Housing policy managed over decades for the benefit of developers and homeowners has led to insecurity and inequality for everyone else. The number of households renting privately in England and Wales has risen hugely – from 1.9m in 2001 to 5m in 2021, while the home ownership rate has fallen to 62% from 64% a decade ago. Outright ownership (with no mortgage) is the most common form of housing tenure in England (33%) and Wales (38%). But the ownership rate among younger adults has fallen sharply. Like black and ethnic minority people, they disproportionately inhabit low-quality, privately rented flats.
This damaging situation means that housing is recognised as a key issue by politicians in all parties. On Monday, Michael Gove, the housing secretary, sought to address it with a speech that was stronger on style than substance. Having abandoned an obligatory target of 300,000 new homes a year, after a threatened revolt from backbenchers, Mr Gove is seeking to persuade voters to ignore his party’s record and focus instead on the vibrant city centres that he sketched in the air.
Densification was the buzzword, along with the adjective Heseltinian – a tribute to the redevelopment of east London championed by Lord Heseltine via the London Docklands Development Corporation. Mr Gove wants to revive this model, or something like it, to push forward schemes in 20 towns and cities. After years of missed targets, and faced by an aggrieved cohort of priced-out voters, he argued that the state must confront nimbyism head-on. In public he was polite about Anthony Browne, the Tory MP who rubbished a flagship project in Cambridge. But it doesn’t require reading the runes to see that this didn’t bode well.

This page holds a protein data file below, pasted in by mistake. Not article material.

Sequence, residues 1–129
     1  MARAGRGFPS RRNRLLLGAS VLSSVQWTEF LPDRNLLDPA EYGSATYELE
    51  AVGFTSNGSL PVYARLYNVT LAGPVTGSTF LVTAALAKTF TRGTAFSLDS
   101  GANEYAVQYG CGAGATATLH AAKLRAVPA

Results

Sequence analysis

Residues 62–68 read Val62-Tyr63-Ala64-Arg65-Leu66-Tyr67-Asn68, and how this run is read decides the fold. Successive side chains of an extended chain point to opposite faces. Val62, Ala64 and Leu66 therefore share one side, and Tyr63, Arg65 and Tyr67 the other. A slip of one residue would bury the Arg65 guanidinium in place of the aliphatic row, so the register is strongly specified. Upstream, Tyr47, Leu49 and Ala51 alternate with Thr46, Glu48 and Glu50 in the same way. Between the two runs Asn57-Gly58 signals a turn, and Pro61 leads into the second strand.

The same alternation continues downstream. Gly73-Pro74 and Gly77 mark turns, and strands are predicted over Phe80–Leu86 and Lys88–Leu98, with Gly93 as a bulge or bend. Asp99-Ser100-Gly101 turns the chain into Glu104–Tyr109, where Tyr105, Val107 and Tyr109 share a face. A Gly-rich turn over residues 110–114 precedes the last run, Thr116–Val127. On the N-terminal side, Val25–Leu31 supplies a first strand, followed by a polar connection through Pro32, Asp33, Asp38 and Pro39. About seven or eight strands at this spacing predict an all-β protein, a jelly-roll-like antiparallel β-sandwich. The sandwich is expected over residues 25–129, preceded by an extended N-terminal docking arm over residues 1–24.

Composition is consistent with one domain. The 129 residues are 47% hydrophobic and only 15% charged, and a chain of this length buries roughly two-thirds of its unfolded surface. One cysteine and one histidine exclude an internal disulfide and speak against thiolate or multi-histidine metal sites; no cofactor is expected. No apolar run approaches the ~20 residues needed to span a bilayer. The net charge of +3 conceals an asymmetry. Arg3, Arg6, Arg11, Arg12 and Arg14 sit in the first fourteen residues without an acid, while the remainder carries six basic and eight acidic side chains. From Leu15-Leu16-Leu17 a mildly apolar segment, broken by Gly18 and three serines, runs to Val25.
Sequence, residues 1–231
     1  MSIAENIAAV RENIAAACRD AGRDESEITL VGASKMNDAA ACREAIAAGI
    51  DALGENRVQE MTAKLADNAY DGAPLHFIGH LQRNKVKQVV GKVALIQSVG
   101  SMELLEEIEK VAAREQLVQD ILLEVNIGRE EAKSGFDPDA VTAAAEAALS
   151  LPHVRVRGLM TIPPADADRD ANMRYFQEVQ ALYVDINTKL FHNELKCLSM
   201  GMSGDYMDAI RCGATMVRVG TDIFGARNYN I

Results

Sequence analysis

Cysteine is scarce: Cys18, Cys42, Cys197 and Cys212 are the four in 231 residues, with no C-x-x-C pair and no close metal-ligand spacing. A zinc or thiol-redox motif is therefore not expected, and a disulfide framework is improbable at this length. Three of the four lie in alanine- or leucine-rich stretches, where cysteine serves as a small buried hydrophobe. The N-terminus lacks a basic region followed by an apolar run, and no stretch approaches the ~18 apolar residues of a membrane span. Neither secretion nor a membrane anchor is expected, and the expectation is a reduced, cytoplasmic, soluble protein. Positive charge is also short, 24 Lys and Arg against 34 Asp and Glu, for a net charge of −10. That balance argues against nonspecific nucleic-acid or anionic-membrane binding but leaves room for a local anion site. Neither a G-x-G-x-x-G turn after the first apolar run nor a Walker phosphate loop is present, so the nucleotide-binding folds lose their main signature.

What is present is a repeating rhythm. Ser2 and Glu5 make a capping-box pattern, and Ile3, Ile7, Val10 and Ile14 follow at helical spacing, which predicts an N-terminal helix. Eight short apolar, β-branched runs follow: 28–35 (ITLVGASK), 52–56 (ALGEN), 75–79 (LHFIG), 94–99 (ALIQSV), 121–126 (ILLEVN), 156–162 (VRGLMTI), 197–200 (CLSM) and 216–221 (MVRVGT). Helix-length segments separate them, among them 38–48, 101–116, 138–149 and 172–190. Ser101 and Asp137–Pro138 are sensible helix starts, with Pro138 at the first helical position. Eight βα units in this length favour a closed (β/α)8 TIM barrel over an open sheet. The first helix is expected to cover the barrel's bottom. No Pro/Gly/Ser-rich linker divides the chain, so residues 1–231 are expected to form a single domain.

The renters reform bill that is making its way through parliament will, belatedly, lead to some improvements for existing tenants. No-fault evictions are to be banned and landlords required to meet deadlines in responding to hazards – a measure campaigned for by the family of Awaab Ishak, whose death was caused by mould in their home. But commitments to leasehold reform remain woolly. Meanwhile, a new play is a reminder of the continuing pain of Grenfell survivors.
Mr Gove wants to make contrasting approaches to development a dividing line, depicting himself as an urbanist visionary and Labour – with its proposal to relax restrictions on the green belt – as the party of suburban sprawl. But this rhetoric masks an unflattering reality. Under the Tories, renters’ interests have been neglected, along with those of smaller builders and the councils that are responsible for social housing, including in city centres. Meanwhile, a handful of giant construction firms have prospered (and been significant contributors to Conservative party coffers). Unbelievably, and in defiance of the Climate Change Committee, they are still selling homes with such poor environmental specifications that they will need to be retrofitted to meet 2025 standards.
Labour has not yet shown that it has the answers, as recent confusion over whether or not to support rent controls illustrated. But Mr Gove’s fine words should not fool anyone. Residential property has been turned from an amenity shared between public and private sectors into an asset for speculators. Weak regulation of landlords and a failure to reform property taxes have contributed to growing polarisation between property haves and have-nots. Densification squads hand-picked in Whitehall are not the answer.